Latitude Festival, headlined by The Chemical Brothers, Wolf Alice and Bastille, is part of the Government’s Events Research Programme.
British comedian Bill Bailey also performed a set at the Obelisk Arena on Sunday.
On Saturday, music lovers dived into a lake, took part in yoga and watched their favourite bands perform.
They enjoyed sets by Rudimental, Sea Girls, Nadia Rose and Kawala with no masks or social distancing as tightly packed crowds of people dance along to the upbeat music.
Festivalgoers must show proof of a negative Covid-19 test or be double vaccinated to access the site at Henham Park in Suffolk which also boasts its own pop-up vaccination clinic.
Photographs show revellers taking a zen moment with a spot of yoga or a quick dip in the lake inbetween drinks and musical acts.
Comedy lovers enjoyed a tent dedicated to British and Irish-based comics featuring Kerry Godliman and Katherine Ryan.
Festivalgoer Rebecca Watson, 32, a creative director from London, who had her nine-month-old daughter Minnie in a baby carrier on her front, earlier said: ‘It’s just amazing, isn’t it? It’s great. And also for Minnie, as she’s never seen any of this before. It’s so good to see people, and happiness. I think it’s the tonic everyone needed at the end of last year.’
Kris Spandler, 31, of Brighton, who is working on a stand at the festival, said: ‘It feels amazing.
‘Last night was an amazing feeling, everyone back together again.
‘The feeling of the energy of everybody just enjoying each other’s company, watching a live act and listening, reacting as a crowd rather than just watching something at home for one-and-a-half years.’
He said the festival feels ‘safe so far’, adding: ‘Everyone’s approaching it like that. Everyone seems happy so far.’
Jason Appel, a 45-year-old accountant from north London, said: ‘It feels great, it was really nice, really happy when we walked in.
Thousands watched Bill Bailey perform at the Obelisk Arena at Latitude Festival in Henham Park, Southwold, Suffolk on Sunday
The sprawling crowds on the final day of Latitude, which has been part of a Government scheme, meaning masks and PPE were not mandatory
‘Never gonna give you up’ star Rick Astley was one of 26 musical acts who took to the stage at Latitude on Sunday
Kaiser Chiefs during their performance on the closing day of the Latitude Festival in Suffolk – which brought in 40,000 attendees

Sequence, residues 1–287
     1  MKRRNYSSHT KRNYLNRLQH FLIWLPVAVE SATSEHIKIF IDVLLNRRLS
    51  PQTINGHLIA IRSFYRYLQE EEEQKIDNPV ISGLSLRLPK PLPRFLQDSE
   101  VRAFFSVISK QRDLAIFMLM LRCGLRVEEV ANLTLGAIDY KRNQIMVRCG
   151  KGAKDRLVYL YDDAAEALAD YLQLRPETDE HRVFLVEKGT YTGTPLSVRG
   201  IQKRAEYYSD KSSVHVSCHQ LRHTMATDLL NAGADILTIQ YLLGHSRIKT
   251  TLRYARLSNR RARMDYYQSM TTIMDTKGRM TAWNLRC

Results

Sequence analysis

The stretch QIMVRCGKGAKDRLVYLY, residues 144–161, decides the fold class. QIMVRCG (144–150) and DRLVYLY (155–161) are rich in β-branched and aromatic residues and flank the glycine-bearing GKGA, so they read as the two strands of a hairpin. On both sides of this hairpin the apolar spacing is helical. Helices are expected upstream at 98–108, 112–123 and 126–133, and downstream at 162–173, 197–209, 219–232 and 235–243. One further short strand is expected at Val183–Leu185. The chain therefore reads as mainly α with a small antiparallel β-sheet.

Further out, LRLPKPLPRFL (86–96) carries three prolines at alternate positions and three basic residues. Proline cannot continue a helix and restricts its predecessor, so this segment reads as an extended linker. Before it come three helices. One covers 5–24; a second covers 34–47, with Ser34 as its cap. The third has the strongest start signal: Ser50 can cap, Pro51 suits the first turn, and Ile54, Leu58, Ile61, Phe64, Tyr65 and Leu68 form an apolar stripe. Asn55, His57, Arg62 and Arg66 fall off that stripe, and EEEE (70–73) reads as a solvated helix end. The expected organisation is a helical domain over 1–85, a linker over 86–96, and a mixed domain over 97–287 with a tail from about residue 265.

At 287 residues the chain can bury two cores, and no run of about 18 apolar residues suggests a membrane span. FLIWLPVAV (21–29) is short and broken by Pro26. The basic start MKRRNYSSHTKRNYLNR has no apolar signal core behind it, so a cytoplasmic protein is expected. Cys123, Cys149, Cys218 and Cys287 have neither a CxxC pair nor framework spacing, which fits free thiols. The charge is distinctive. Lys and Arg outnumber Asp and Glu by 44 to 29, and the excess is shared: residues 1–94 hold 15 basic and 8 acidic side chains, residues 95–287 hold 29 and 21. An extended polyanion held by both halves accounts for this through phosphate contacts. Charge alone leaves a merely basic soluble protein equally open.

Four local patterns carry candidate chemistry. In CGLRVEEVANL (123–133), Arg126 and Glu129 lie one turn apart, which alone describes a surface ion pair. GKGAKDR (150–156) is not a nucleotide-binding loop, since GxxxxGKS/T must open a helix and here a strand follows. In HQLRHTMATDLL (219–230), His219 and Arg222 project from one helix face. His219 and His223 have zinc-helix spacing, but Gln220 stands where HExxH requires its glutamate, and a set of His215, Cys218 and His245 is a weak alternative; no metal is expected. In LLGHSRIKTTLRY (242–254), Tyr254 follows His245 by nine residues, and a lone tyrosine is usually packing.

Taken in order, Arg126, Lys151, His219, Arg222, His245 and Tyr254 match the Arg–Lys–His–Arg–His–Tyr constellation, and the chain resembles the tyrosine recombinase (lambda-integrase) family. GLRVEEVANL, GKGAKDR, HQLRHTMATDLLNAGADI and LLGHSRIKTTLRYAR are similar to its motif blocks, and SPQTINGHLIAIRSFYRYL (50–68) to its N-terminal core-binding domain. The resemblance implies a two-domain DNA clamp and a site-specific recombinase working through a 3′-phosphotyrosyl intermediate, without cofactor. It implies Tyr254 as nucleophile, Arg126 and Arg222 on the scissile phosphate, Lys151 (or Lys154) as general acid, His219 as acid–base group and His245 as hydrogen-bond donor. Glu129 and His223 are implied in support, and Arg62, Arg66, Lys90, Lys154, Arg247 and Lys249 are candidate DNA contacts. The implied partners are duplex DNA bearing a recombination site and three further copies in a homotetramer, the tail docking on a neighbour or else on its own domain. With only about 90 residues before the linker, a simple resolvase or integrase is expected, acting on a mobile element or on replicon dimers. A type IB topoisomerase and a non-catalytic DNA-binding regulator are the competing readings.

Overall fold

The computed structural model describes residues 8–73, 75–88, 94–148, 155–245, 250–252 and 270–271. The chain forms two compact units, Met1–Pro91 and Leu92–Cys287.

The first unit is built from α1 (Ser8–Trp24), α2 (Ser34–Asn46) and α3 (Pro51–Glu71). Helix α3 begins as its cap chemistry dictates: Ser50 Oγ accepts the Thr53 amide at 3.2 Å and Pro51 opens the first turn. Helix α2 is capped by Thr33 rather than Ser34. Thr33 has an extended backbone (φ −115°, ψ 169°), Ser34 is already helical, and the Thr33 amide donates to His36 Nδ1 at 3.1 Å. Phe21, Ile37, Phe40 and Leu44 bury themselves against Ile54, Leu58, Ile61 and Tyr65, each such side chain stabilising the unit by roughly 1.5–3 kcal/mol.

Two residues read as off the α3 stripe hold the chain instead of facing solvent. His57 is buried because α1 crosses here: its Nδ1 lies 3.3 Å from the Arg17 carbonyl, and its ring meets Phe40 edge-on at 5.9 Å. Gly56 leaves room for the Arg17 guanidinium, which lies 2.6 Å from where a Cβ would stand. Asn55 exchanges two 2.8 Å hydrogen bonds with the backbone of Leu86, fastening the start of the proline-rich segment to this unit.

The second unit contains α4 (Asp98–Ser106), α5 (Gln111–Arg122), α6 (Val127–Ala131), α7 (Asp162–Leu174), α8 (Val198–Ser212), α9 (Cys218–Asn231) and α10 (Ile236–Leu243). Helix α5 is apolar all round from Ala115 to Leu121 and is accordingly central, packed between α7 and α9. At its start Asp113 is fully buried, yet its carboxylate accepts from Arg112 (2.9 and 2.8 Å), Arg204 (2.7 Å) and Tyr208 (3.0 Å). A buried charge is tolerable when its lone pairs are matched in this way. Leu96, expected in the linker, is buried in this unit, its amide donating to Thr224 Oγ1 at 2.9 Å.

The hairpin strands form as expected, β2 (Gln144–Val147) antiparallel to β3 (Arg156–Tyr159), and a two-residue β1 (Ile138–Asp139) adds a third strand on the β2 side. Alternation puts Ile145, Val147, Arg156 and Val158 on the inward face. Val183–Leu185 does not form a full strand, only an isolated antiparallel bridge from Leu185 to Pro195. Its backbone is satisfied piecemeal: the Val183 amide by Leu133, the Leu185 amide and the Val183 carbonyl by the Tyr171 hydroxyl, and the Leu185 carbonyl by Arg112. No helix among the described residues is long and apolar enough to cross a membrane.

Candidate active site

Ricky Wilson of the Kaiser Chiefs performing in a black and white denim ensemble on the final day of the Latitude festival
Another festivalgoer, Oli James, receives his second Pfizer jab at the pop-up vaccination bus at Latitude Festival in Suffolk
Griffs opted for a cooling purple dress as she performed for the final day Latitude at Henham Park on Sunday
Festivalgoers take selfies with pink-coloured sheep grazing in the background, a staple of the Latitude event in Suffolk
Griff was one of the 26 musical acts who performed on the last day of the Latitude festival on Sunday
‘Just generally nice to feel like you’re in a bit of a sanctuary, I think. I think if you’ve come to a festival in the first place you’re going to want to be in a place like this so for me it’s felt absolutely fine.’
University worker Stephen Matthews, 50, from Wivenhoe, near Colchester in Essex, said it felt a ‘little bit odd’ to be back at a festival.
It’s a little bit odd,’ he said. ‘Very happy in general, but standing in a crowd for the first time last night was a little bit strange, and feeling people come quite close to you was quite strange.
‘But good to hear live music. I think it is safe but I think there’s a natural anxiety there just because we’re not used to it.’
Latitude festival is ‘close to being the safest place in England’, its organiser said as the Suffolk event began on Thursday.
Melvin Benn, managing director of the Festival Republic group, told Sky News he felt ‘very relaxed, not anxious at all’ as the four-day music event got under way.
He said: ‘I am really very happy and very relaxed. I hope I look relaxed, I feel very relaxed.
‘We had a great night last night. It was a huge party. None of the main stage acts were playing but there is a lot going on in the woods, on the lake and in the theatre area.
‘I’m very relaxed, not anxious at all. It is probably as close to being the safest place in England today really.’